Minnesota Office of the Legislative Auditor
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Report Summary
Department of Economic Security

Financial Audit Fiscal Year Ended June 30, 1997

 

Public Release Date: March 20, 1998 No. 98-19

Agency Background

The mission of the Department of Economic Security is to help Minnesotans help themselves achieve economic security. The department accomplishes this mission by providing an accessible, integrated employment and training system for all Minnesotans. Some of the major programs administered by the department include: Reemployment Insurance, Low Income Energy Assistance, Rehabilitation Services, and Job Training Partnership Act. Ms. R. Jane Brown serves as commissioner of the department.

Audit Areas and Conclusions

Our audit scope was limited to those activities material to the state of Minnesota's Comprehensive Annual Financial Report for the year ended June 30, 1997, and to the requirements of the Single Audit Act, relating to federal financial assistance.

We reviewed reemployment insurance revenues and benefit payments. The Department of Economic Security fairly presented the financial activity for the Reemployment Insurance Program in the state of Minnesota's financial statements for fiscal year 1997 in accordance with generally accepted accounting principles. The department complied, in all material respects, with the federal requirements for disbursing reemployment insurance benefits. In addition, our testing showed that the department properly accounted for and deposited reemployment insurance revenues.

We reviewed compliance requirements related to federal programs under the Single Audit Act. We found that the department complied, in all material respects, with the federal laws and regulations governing the federal programs included in the audit scope. The department designed internal controls to provide reasonable assurance that financial activities were properly recorded in the accounting system and programs were managed in compliance with federal rules and regulations. However, we found that certain Workforce Preparation Branch employees did not record actual hours worked on specific programs. Rather, these employees used an allocation method to charge time to some programs. We cannot determine if this method resulted in the proper allocation of payroll hours to programs. This allocation method may adversely impact the distribution of pooled administrative costs to department programs.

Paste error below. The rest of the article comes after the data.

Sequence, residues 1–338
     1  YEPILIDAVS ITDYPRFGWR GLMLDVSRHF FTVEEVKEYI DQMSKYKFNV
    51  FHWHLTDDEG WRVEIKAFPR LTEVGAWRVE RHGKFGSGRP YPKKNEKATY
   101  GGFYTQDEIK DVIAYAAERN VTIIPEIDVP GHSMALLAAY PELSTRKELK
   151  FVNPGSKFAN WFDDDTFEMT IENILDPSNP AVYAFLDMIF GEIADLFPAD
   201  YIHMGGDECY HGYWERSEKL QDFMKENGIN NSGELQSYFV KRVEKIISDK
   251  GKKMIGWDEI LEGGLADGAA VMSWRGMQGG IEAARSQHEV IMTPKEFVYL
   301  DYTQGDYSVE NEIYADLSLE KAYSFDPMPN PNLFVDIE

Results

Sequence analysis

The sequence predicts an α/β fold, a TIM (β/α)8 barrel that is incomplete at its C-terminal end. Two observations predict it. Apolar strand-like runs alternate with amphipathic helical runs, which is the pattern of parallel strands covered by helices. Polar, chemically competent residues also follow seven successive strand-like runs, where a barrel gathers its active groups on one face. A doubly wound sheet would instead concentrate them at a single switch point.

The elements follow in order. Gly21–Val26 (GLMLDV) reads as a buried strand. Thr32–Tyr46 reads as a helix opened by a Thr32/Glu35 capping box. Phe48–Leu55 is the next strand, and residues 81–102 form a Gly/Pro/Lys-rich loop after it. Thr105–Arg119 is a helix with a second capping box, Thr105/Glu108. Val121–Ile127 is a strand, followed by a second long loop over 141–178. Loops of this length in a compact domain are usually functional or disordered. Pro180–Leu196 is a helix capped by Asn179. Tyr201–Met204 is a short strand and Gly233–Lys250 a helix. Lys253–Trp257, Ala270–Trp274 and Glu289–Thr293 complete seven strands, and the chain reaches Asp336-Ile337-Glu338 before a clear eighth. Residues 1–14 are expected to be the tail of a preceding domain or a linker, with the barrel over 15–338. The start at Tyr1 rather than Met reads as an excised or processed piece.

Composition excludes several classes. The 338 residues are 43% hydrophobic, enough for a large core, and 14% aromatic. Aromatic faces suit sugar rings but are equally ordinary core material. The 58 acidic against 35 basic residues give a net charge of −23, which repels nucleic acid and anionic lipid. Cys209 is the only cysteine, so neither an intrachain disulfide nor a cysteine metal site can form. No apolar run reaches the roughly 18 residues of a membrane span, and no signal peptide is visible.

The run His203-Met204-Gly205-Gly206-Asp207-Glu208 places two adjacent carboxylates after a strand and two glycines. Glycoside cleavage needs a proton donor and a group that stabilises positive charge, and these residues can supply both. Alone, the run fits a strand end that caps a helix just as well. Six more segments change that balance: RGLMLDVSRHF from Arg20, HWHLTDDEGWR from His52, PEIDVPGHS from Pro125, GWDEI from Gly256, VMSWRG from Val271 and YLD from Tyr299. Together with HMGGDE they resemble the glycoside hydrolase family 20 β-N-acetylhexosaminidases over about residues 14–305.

Finally, we reviewed the department's computing environment. We found that the department's critical data is vulnerable to unauthorized access. Security administration procedures are ineffective, security rules are not documented and understood, and the department has not yet finalized its comprehensive disaster recovery plan.

The department agreed with the audit report's findings and recommendations. They plan to take the necessary measures to resolve the issues raised.

 

Office of the Legislative Auditor ♦ Room 140, 658 Cedar St., St. Paul, MN 55155